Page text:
In 2005 the bicycle was voted the most significant technological invention since 1800; this blog looks back at the history of the bicycle and investigates how sports engineering has helped the bicycle achieve this accolade.
The history of the first bicycle is a little muddled; like many great inventions its current design has been more of an evolution rather than the idea of a single inventor. It has been said that Leonardo da Vinci was the first person to ever visualise the concept of a bicycle but was unable to construct it. Comte Mede de Sivrac in 1790 was the first person to build what could be said to resemble a bicycle. This “bicycle” consisted of a four piece wooden frame sculpted into the shape of a crocodile and was known as a Celerifere. Having no pedals or steering mechanism, the Celerifere was thought to be more of a child’s playing toy than a method of transport.
The first reputable claim for the bicycle was by Baron Karl Drais de Sauerbrunn in 1817. He had a patented design known as a Draisienne. Similar in style to the Celerifere, the rider would straddle the wooden frame and propel themselves along by pushing their feet against the ground – receiving the alternative name of a “stridewalker”.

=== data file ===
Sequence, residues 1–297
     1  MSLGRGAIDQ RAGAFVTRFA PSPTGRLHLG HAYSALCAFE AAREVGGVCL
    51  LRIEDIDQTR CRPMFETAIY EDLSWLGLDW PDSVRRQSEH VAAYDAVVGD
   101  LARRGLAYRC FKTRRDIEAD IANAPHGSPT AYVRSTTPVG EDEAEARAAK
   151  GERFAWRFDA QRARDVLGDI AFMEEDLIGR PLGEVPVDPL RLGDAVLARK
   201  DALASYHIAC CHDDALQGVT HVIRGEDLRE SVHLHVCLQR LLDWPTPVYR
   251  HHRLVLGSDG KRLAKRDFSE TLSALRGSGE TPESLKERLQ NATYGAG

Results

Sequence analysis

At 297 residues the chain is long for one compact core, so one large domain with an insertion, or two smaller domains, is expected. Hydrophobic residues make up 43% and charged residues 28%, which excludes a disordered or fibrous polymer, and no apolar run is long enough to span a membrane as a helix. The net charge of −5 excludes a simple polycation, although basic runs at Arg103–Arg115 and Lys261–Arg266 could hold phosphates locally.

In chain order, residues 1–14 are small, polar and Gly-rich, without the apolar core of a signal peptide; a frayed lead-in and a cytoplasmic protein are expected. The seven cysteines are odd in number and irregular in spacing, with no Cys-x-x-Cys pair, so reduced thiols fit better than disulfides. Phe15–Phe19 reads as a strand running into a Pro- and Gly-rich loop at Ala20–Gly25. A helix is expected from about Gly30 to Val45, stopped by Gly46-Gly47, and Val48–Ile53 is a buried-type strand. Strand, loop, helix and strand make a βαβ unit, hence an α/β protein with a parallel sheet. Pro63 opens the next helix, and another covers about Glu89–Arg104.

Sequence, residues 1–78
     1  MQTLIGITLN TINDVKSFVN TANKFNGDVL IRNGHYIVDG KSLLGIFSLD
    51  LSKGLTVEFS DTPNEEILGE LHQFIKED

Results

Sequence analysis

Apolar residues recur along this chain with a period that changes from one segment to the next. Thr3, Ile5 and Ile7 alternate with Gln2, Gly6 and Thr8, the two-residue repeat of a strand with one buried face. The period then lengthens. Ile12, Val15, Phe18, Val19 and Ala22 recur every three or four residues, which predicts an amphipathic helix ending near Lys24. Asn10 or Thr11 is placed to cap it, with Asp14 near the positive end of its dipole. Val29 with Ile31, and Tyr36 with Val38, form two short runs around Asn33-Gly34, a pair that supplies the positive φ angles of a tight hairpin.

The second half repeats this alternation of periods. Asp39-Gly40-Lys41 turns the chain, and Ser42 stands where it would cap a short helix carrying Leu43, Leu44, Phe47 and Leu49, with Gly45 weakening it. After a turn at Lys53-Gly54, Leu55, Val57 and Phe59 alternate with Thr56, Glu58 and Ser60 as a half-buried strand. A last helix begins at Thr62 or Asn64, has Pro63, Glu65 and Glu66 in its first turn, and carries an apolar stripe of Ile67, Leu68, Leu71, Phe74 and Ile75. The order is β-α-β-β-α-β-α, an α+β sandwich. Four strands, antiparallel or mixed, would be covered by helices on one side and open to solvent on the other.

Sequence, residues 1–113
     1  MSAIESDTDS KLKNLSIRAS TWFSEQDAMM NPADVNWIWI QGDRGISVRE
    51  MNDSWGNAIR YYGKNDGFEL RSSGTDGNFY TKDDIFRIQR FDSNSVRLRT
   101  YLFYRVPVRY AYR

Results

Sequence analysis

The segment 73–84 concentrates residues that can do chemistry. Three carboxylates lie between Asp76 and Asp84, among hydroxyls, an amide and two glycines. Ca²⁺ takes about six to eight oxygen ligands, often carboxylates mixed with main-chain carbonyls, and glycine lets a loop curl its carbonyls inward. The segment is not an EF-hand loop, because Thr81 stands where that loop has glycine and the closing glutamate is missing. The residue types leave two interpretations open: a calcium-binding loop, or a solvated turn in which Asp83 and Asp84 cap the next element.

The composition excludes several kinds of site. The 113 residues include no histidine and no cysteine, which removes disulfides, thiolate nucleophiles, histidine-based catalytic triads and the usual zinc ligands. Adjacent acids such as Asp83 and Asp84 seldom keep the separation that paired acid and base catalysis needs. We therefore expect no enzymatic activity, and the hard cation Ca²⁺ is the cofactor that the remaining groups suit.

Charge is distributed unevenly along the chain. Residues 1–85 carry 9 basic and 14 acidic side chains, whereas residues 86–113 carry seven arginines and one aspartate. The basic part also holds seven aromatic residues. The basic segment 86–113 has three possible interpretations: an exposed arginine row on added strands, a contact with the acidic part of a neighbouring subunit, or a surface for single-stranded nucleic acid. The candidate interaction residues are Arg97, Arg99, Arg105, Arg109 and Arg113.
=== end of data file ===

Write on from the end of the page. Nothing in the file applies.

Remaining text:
Twenty years later (1839) and the design of the bicycle began to resemble more of what we recognise today. Potentially the most influential evolution to this design is accredited to Kirkpatrick MacMillan, a Scottish blacksmith who added a mechanical crank-drive system to the bicycle rear wheel.
The first mass produced bicycle was developed in 1863 by Pierre and Ernest Michaux making use of the crank-drive system. The Velocipede was made from wood and had special ‘flanged’ wheels which gave it the ability to ride along train tracks. However, the wooden rimmed wheels were unforgiving on the cobbled streets and the bicycle soon earned the name the “Boneshaker”.
Figure 1 – Michaux’s Velocipede ‘Boneshaker’
Man’s need for speed was the driving factor behind the next evolutionary step of the bicycle. Gearing having not yet been invented, the most obvious way to increase the riders speed was to increase the size of the wheel attached to the pedal cranks. This was aided by the increase in availability of steel for use on frames or wheels. 1870 saw the introduction of the “High-wheelers” or “Penny Farthings”. The high-wheeler bicycle was notoriously difficult to ride, being inherently unstable except when at speed combined with the height required to mount the seat, bicycle riding soon became an art accomplished only by the very skilful.
Figure 2 – The Penny Farthing high-wheeled bicycle.
Unsurprisingly, it wasn’t long before the bicycle evolved again, and in 1879 the “Bicyclette” was introduced. Having smaller wheels, the Bicyclette introduced the concept of chain drives. This allowed the rider to sit in the centre of the frame, rather than over one wheel, increasing the stability of the bicycle. Rather than adopting the typical “shrink it and pink it” attitude used by modern bicycle manufacturers, the first bicycle specifically designed for females added a third wheel! The tricycle was considered more practical for the ladies to ride when wearing long dresses and allowed them to cycle around the park with their dignity intact. (Personally, I’m grateful it became socially acceptable for women to wear trousers!)